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UCAS Exhibition Hints and Tips

Chances are you’ve an idea of which type of course you want to study at University but you’re not quite sure where or even how to start researching which University will be the best fit for you. UCAS exhibitions are the perfect place to start in this situation.  They take place at various locations throughout the UK so you’ll never be too far away from your nearest one.

Why you should attend a UCAS Exhibition

UCAS Exhibitions are a great starting point when researching courses and universities as you get the chance to explore lots of different universities under one roof.  You’ll be able to see what courses they offer, chat to staff and current students about the university, finance, admissions and the course or courses you’re interested in.

To make sure you are fully prepared when you attend a UCAS Exhibition we’ve provided our top tips below.

Before you arrive 

  • Speak to your college/sixth form tutor and see if there is a college/school trip planned already to visit your nearest UCAS Exhibition – It could save you having to plan your own trip and means you can explore the fair with your course mates.
  • Familiarise yourself with the floor plan and decide which universities you want to speak to. UCAS tend to put the floor plans on their website before each fair.
  • Look at the seminars taking place at the convention and plan which ones you want to go to. The seminars are really interesting and give you a chance to experience live demos or listen to a presentation in a relevant subject or get advice on the UCAS application process.
  • Make a note of questions to ask exhibitors so you don’t forget anything you really want to know. Take a pen and paper – You’ll speak to loads of different people from different universities so it’s always great to make notes that you can reflect upon when you return home.
  • Take a strong bag! Universities will have numerous things you can take away for further reading or even just give-a-ways so make sure you’ve something to carry it all in.

While you’re there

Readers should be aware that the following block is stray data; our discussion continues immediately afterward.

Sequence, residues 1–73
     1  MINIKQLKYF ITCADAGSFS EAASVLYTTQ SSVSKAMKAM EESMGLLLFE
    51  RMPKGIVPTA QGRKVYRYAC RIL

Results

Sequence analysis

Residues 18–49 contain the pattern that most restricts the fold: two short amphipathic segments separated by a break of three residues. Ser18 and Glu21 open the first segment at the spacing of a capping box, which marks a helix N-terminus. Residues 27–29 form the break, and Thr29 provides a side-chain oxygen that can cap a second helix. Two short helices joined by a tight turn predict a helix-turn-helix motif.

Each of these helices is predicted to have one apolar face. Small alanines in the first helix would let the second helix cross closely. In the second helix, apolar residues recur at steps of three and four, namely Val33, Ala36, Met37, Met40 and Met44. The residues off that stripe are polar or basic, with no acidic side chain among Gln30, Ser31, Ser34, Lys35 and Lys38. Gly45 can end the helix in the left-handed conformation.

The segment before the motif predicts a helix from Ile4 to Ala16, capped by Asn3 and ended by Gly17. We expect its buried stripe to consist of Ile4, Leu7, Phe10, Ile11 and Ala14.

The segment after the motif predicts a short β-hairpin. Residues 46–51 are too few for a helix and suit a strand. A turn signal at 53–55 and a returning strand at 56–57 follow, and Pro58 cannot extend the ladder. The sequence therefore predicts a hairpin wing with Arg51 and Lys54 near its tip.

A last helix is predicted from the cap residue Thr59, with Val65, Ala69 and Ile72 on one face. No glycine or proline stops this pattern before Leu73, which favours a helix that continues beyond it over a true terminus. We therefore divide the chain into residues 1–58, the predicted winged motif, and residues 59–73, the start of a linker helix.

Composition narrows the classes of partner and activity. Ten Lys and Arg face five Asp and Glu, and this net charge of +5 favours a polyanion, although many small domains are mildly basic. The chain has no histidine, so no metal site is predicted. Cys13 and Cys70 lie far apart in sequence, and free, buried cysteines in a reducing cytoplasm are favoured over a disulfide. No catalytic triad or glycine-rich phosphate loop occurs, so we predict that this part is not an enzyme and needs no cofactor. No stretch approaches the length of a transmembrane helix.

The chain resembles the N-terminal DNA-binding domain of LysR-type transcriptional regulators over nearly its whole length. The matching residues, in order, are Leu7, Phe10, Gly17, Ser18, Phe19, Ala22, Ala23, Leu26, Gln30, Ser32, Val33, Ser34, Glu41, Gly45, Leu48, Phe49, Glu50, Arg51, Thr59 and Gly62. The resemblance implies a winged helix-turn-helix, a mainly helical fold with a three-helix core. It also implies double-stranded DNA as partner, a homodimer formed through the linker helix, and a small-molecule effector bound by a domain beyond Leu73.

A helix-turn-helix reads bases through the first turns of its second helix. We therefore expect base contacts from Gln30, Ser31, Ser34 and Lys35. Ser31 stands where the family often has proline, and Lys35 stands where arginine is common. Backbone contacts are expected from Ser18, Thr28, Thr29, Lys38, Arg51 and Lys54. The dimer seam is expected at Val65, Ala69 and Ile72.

• Talk to staff/students and ask them the questions that really matter to you
  • Compare a wide range of universities - make an informed choice in your own time 
  • Pick up literature and information that you can take home to read and discuss with your adviser and parents
  • If you are able then make sure you get your UCAS ID badge scanned by the universities you are interested in – this means you can be kept up to date with information from those universities over the coming months
  • Have some YOU time – If you are visiting with your school/college mates then have half an hour on your own and visit your favourite university stands so you can form your own opinion.
  • Make sure you make the most of the visit. Speak to all the universities you’re interested in, and maybe some you’ve not thought about. Go to some of the seminar sessions and take some notes.
  • If you’ve walked round the fair and still have time then revisit any of the universities that you really got a good feeling from. It’s always great to get a second impression.
  • If you really like any of the universities ask if they have any Open Days coming up. If they do then, then why not book onto one – they can provide a deeper insight into the university and give you a feel for the campus.

Questions to consider

The Course – Ask about how you are assessed, if you have a placement or study abroad year option, teaching practices, do you get to work with industry or organisations whilst you learn etc. You can also ask about what graduates from the course have gone on to do for professions and what the grad employment rate is for the course.

Getting onto the course - What are the entry requirements? Does the course interview applicants? What will the admissions tutors be looking for in personal statements?

Campus – Ask about the location, facilities, accommodation and transport links.

Student facilities – Does the university have student support services? What is the students’ union like? Does the university have a careers service or job shop to help you find employment both whilst you study and after you graduate.

Costs/financial - Ask about tuition fees, bursaries, scholarships, cost of living and course materials such as reading books.

Year out – If you are looking to take a year out before starting at university then ask about when you should apply and what support is available for applying and deferring your place.

 

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